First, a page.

Film festivals in Catalonia are in excellent health. And they don't stop growing. The latest to join the list this year - the Catalunya Film Festivals label brings together 48 samples and festivals from all over Catalonia - has been the Buddhist film competition in Barcelona, the first to be held in all of Spain dedicated to this theme. Its first edition, from October 19 to 23, took place in the Verdi cinemas just after the one in Sitges, specializing in fantastic and horror films.
Climate change, education and gender equality are the three axes in which an event was divided that was born from the initiative of the Catalan Coordinator of Buddhist Entities whose purpose is "to screen films that share essential Buddhist values but that are at the same time universal , such as non-violence, or the connection with nature", comments the director of the festival -whose sessions sold out-, Montse Castellà.
At a delicate moment for movie theaters, which find it difficult to recover the rhythm of the pre-pandemic audience despite the wide range of titles available on the billboard, the festivals act as a kind of magnet to attract part of an audience that prefers move within a more specific schedule. Like the one proposed by the Inclús, Barcelona International Film and Disability Festival. Co-directed by Marta De Muga and Adriana Pérez, it reaches its tenth edition with 27 films in competition, including feature films, documentaries and fiction shorts.
A beautiful morning, by Mia Hansen-Løve, about a woman who lives with her father, who suffers from a neurodegenerative disease, was in charge of opening the contest last Tuesday. "The important thing is that there are still movies about disabilities and that means that there are things to explain about these other realities," explains De Muga. And he insists that "all programming is 100% accessible, with audio description for people with visual disabilities and adapted subtitling for deaf people."
The space is inclusive, open to all types of public at the CaixaForum until December 5th. "There are people with disabilities because there is an accessible offer for them, but a more general public also attends. We meet the two objectives: to be an accessible space and to use the cinema and the festival as a window to publicize various situations and different realities".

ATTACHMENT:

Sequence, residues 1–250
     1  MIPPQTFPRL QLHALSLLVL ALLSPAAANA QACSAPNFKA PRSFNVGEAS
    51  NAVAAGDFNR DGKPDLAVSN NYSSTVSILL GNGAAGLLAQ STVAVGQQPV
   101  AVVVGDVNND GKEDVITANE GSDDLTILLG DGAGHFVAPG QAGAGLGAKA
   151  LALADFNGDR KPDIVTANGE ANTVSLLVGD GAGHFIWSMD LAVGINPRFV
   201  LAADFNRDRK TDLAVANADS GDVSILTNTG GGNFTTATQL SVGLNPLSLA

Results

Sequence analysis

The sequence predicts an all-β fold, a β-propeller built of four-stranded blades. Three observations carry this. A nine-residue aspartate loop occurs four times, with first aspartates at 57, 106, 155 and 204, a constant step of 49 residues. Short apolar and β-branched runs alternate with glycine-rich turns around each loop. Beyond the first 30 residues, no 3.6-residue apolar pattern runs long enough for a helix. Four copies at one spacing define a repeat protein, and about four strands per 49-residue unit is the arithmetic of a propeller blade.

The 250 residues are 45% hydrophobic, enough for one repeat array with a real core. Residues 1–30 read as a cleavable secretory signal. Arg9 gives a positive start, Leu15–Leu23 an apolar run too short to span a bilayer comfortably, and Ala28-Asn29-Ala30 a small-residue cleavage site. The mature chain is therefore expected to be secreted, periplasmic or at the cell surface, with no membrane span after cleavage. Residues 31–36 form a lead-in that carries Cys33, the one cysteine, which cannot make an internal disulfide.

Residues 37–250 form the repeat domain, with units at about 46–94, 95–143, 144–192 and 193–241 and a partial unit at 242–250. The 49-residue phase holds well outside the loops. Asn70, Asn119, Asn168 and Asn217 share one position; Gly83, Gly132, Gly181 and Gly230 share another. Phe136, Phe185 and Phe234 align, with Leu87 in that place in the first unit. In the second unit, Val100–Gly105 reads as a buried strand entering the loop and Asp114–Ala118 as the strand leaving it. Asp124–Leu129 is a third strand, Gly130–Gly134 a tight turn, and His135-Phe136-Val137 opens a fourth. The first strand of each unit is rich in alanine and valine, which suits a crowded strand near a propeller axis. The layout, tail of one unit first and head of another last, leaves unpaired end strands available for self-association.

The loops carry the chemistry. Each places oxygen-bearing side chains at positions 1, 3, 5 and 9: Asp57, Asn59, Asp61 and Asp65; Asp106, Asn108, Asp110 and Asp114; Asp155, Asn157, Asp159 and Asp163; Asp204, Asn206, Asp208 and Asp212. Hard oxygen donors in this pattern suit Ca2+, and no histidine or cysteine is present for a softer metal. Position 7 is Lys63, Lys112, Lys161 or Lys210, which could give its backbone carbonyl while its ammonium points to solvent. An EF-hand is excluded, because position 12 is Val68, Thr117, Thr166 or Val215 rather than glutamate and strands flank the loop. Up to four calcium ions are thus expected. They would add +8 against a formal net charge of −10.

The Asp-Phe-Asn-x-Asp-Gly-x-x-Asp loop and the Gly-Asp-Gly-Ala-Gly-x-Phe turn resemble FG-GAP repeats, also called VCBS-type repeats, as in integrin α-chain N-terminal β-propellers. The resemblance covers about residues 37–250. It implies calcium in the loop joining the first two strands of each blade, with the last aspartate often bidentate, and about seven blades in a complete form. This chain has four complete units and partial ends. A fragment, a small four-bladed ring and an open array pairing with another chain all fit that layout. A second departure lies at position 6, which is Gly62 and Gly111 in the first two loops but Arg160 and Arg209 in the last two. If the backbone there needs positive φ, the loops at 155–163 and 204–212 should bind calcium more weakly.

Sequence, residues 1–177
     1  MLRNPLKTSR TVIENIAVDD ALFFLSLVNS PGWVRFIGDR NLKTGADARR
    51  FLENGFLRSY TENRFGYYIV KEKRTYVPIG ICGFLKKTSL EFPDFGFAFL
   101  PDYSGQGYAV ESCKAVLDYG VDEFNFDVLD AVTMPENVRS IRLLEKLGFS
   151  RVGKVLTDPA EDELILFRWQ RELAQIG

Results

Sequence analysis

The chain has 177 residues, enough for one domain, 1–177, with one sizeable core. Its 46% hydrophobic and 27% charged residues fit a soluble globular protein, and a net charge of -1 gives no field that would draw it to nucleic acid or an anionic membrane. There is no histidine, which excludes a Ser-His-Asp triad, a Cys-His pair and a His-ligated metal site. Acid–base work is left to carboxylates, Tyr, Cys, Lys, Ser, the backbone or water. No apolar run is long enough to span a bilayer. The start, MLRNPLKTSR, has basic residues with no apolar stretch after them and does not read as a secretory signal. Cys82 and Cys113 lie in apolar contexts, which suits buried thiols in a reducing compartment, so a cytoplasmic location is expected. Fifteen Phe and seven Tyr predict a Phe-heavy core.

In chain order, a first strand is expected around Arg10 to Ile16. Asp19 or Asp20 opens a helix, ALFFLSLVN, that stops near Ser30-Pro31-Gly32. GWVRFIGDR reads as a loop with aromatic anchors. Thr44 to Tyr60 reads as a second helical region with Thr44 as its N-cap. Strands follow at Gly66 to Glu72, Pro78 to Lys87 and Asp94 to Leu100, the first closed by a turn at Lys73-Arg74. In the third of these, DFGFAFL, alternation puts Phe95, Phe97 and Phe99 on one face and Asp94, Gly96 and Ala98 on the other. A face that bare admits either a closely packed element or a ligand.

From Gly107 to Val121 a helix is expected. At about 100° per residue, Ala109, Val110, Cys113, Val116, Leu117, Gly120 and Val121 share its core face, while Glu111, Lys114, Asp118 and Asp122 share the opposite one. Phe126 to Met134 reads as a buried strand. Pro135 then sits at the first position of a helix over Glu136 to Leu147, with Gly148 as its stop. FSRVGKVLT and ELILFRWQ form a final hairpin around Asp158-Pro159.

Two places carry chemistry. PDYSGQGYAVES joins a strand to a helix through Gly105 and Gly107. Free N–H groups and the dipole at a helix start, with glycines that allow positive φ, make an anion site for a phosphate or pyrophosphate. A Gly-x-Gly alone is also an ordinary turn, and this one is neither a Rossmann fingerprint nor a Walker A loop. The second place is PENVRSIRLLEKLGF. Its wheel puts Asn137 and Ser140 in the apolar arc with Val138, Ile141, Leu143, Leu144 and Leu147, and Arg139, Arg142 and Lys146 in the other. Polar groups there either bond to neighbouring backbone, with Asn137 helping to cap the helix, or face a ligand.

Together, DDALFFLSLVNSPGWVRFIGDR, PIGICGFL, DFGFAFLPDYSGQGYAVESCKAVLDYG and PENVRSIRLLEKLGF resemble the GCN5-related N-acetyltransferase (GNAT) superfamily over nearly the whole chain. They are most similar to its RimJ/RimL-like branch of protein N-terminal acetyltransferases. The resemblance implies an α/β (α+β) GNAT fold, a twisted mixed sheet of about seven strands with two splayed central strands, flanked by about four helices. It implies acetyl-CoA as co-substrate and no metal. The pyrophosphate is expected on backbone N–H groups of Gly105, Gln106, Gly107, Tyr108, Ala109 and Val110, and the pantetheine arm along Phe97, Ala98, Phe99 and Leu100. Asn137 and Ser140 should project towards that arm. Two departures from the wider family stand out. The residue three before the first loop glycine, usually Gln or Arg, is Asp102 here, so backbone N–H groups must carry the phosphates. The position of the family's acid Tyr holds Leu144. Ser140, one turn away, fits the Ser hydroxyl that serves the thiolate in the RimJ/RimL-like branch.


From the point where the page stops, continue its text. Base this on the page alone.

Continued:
De Muga makes a positive assessment of these ten years in which the number of attendees has grown. "The feeling is that this year will be more lively, at pre-Covid levels." The films shown must on the one hand fulfill the message that they offer a different vision of disability, "far from victimhood and stereotypes" and on the other "that they have a technical quality to be able to be at an international festival".
Among the parallel activities, there will be a family workshop on recycling techniques and the caravan with children's films Caravana Puck, which calls for uniqueness and respect for difference.
Two other women are in charge of Reteena, the young audiovisual festival in Barcelona, which from December 2 to 11 celebrates its fifth edition at Fabra i Coats and the Filmoteca de Catalunya after having been recognized with the City of Barcelona award in the category of Audiovisuals and Digital Culture. "Starting each edition is a very big challenge. When we started the first one, we never thought we would reach the fifth. We wanted to test if the idea we had interested young people and after the initial positive response we have been refining the proposal, incorporating the screenings of Reteena Essentials, which are cult films that value the playful part of the festival and vindicate the fact of watching movies in community -this time it will be the turn of 10 reasons to hate you, by Gil Junger; Akira, by Katsuhiro Ôtomo ; Moonrise Kingdom, by Wes Anderson and Youngsters and Witches, by Andrew Fleming- and that the Reteena is an experience in which the critical spirit is promoted from a fun and carefree side", points out María Castellví.